GRAND HAVEN, Mich. — The debate over a proposed power plant on Harbor Island in Grand Haven continues.
A vote on the project was supposed to take place in August, but was postponed so the city council could receive more information.
So what do we know for sure?
For one, the Michigan Department of Environment, Great Lakes and Energy (EGLE) has confirmed PFAS is present on Harbor Island.
While the Grand Haven Board of Light and Power already recommended to the city council the power plant construction should move forward, opponents think the area needs to be cleaned up before any development happens.
Tim Unseld of EGLE says they aren't mutually exclusive.
"Redevelopment and clean-up can be running at the same time," says Unseld. "They don't have to be sequential."
When asked how the city would keep toxins out of the river during development of the power plant, Kent Walters from EGLE says there has to be a plan in place.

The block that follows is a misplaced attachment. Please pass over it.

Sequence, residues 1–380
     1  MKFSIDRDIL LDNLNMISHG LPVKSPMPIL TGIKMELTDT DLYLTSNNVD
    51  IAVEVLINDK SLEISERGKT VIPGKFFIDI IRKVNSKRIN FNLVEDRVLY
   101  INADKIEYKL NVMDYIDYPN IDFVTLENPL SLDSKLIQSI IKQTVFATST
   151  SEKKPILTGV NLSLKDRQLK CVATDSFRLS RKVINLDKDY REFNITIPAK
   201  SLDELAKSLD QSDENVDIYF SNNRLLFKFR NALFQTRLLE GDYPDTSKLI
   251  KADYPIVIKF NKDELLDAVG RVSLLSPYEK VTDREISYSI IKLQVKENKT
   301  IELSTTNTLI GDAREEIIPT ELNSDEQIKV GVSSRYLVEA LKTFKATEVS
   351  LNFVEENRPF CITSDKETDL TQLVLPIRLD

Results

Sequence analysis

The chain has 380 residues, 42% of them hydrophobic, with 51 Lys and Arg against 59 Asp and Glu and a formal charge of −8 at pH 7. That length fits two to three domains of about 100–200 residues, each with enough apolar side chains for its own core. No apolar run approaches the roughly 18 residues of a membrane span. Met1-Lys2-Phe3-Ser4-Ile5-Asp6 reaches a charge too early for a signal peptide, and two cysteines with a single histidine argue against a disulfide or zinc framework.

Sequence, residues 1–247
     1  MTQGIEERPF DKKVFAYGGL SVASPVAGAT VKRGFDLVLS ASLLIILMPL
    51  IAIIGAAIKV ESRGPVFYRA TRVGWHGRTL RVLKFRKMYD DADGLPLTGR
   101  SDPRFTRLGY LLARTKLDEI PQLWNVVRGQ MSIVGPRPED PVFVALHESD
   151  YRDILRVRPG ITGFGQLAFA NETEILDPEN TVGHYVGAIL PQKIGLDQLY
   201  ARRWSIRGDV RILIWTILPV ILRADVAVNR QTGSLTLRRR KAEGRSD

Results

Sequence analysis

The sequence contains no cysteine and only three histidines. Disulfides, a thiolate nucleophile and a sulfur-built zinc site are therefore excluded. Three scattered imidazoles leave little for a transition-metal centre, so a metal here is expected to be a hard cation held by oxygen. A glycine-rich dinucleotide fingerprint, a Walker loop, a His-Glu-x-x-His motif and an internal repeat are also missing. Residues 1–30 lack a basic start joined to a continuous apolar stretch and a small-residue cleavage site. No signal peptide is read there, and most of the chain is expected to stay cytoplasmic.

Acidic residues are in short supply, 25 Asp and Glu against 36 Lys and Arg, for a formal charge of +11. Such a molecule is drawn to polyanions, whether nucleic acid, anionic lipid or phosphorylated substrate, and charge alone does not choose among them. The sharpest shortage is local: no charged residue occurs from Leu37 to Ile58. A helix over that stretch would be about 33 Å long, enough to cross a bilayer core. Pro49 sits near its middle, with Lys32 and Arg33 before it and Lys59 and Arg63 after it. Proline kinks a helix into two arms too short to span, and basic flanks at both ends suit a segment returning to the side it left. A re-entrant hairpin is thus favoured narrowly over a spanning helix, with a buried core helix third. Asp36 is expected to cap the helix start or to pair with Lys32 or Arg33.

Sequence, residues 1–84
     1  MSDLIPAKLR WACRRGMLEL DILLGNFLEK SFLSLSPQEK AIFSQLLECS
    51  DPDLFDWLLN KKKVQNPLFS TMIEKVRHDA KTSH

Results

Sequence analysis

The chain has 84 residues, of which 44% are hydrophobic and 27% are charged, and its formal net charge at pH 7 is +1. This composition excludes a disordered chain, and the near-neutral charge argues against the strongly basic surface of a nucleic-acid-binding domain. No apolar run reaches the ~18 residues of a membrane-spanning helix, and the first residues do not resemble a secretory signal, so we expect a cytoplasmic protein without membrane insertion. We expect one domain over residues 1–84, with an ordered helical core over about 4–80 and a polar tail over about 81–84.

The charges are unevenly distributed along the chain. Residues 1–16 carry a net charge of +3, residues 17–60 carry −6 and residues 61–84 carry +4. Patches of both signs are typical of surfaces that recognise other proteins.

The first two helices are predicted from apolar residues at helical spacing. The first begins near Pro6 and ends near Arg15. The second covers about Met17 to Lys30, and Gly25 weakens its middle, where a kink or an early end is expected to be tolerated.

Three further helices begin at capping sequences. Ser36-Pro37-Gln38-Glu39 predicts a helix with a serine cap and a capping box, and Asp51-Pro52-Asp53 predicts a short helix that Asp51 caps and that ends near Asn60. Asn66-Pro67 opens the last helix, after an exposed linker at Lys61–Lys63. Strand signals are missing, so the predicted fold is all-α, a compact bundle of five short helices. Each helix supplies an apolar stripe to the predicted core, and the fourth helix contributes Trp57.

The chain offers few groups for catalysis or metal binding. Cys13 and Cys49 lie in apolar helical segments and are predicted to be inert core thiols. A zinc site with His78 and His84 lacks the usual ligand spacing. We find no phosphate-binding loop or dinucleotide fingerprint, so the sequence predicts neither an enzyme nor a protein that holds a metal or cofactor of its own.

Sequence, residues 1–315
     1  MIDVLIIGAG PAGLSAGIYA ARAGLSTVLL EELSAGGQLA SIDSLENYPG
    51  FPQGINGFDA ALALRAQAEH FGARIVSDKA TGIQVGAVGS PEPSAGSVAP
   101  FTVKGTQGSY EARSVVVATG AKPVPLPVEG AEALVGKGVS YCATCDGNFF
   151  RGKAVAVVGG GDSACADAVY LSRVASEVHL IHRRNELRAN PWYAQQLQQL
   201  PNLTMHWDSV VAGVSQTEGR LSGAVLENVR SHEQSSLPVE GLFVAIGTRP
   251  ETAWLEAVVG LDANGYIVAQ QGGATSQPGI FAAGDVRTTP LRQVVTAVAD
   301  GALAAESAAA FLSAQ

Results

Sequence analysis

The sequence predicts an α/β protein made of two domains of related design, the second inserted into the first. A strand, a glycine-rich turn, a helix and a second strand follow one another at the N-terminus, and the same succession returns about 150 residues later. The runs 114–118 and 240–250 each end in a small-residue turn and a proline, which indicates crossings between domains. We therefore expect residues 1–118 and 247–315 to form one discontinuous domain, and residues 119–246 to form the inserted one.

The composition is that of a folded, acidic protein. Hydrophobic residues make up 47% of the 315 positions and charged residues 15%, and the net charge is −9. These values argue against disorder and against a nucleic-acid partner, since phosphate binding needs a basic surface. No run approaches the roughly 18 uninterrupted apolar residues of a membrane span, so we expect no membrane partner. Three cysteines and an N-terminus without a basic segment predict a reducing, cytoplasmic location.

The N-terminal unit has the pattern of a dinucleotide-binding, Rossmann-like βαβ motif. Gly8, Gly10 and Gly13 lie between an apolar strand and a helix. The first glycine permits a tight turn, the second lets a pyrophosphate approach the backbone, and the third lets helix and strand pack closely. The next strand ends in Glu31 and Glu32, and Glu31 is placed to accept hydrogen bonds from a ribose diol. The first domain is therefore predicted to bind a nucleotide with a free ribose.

"You have a plan to monitor to make sure that you aren't causing a release of more toxins to be released into the environment," he says.
However, the plan was not detailed when asked.
"There's not a cookie cutter approach to each environmental site, each site is unique," says Walters. "So to develop that strategy you need to understand it first, you need to do that scientific study first."
At the last Grand Haven City Council meeting on Aug. 16, we reported the council heard nearly two hours of public comment on the power plant, and only three of around 30 speakers were in favor of funding it.
The council's next meeting is Monday, Sept. 20.
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